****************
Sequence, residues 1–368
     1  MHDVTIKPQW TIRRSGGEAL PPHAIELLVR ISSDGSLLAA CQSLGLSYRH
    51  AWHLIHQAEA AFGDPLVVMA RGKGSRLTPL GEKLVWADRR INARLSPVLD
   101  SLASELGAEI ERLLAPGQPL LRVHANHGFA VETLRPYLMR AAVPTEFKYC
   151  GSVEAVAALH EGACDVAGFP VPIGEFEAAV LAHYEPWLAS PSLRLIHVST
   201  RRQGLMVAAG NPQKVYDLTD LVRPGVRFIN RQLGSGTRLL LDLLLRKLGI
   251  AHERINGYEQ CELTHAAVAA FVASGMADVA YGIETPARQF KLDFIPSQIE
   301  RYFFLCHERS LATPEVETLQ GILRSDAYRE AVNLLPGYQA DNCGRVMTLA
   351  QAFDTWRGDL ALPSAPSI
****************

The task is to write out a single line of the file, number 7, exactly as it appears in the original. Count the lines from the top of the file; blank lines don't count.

   251  AHERINGYEQ CELTHAAVAA FVASGMADVA YGIETPARQF KLDFIPSQIE